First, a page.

The Spanish Congress has approved a controversial animal welfare bill that excludes hunting dogs and increases penalties for mistreatment of pets by owners and those working with animals.
The law will come into force once it has passed all the necessary approval procedures at which point it will be published by the Official State Gazette (BOE) and six months following its publication, the law will be effective.
The law applies to domestic and captive wild animals, but excludes dogs used for hunting or other professional activities such as search and rescue dogs and those operating with law enforcement. It also excludes animals used in bullfighting or production.
The main objective is to guarantee animal welfare and protection, and to establish a common legal framework throughout Spain in particular to reduce the number of abandoned animals.
Owners will be expected to integrate pets into the family nucleus, prevent uncontrolled reproduction and will be required to complete a free training course on responsible pet ownership. Breeding may also only be carried out by persons responsible for the animal and be registered as such.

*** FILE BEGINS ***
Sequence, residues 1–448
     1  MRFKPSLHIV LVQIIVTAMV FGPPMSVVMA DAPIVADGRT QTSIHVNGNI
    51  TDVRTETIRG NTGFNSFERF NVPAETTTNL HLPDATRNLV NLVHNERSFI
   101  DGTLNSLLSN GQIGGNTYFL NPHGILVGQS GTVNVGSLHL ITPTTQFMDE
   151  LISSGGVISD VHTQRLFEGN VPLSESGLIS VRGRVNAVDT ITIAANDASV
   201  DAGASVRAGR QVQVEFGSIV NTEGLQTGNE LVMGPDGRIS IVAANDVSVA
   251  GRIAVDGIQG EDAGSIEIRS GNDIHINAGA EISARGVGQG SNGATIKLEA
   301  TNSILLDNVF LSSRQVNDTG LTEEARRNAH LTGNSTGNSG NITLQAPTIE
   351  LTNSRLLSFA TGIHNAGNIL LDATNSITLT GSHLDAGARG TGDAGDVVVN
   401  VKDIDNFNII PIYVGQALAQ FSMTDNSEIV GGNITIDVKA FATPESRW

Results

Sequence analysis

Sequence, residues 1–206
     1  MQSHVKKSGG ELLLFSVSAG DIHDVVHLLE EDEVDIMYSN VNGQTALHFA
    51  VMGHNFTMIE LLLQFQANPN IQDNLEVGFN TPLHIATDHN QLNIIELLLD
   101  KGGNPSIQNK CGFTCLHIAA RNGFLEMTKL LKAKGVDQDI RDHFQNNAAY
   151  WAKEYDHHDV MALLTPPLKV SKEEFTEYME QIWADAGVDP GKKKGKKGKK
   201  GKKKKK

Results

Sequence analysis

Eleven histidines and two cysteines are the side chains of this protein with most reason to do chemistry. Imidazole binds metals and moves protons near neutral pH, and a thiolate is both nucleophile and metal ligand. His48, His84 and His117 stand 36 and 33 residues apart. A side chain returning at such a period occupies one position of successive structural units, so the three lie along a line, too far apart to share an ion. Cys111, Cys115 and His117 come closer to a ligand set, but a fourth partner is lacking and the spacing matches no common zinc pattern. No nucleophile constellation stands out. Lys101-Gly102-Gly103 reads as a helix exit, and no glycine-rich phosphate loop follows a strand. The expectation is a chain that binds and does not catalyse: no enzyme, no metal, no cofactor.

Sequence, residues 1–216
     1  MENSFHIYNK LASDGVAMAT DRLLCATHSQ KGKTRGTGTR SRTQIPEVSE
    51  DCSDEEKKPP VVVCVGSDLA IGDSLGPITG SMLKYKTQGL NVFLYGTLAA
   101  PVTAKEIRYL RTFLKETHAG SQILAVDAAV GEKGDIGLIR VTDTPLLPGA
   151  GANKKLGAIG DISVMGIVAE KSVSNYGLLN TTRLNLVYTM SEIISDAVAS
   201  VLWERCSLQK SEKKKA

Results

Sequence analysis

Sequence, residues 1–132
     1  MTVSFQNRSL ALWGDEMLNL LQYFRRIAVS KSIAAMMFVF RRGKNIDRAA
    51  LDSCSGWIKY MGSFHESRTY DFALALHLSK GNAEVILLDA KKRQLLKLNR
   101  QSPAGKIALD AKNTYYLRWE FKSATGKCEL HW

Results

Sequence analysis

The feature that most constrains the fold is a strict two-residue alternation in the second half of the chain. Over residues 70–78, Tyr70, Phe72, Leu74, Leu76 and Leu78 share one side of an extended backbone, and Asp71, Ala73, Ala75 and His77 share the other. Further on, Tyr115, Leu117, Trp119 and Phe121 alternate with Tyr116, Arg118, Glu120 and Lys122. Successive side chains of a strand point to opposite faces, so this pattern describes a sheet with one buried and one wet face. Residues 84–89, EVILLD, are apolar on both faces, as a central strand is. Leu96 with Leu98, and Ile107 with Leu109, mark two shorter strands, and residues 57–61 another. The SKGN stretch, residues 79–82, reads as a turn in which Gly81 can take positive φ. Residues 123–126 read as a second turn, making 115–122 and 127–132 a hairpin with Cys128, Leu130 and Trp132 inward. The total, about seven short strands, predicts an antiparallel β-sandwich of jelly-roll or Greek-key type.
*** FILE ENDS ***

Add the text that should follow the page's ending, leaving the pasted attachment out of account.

Pets must be identified with a microchip and all cats will have to be surgically sterilised before six months, unless they are officially registered as breeding animals.
The law prohibits animal fights, leaving pets unsupervised for more than three days (in the case of dogs for no longer than 24 hours) and regularly keeping dogs and cats in outside spaces, storage rooms, basements or vehicles.
The commercial breeding of pets, whose individual identification will be compulsory under new regulations, will not be permitted unless the person responsible is registered on an official list of pet breeders.
Cats, dogs and ferrets will not be allowed to be sold in pet shops. They will also not be permitted to be exhibited in public for commercial purposes, which will be classified as a very serious offence. These animals may only be marketed by registered breeders.
People responsible for domestic animals who do not comply with identification obligations, use violent methods in their pet training, administer substances that may harm the animal (unless directed to do so by a vet) and mutilate or carry out unauthorised bodily modifications to the animal will be subject to weight of the law.
Fines for violations will range from €500 to €200,000, depending on the severity of the offence.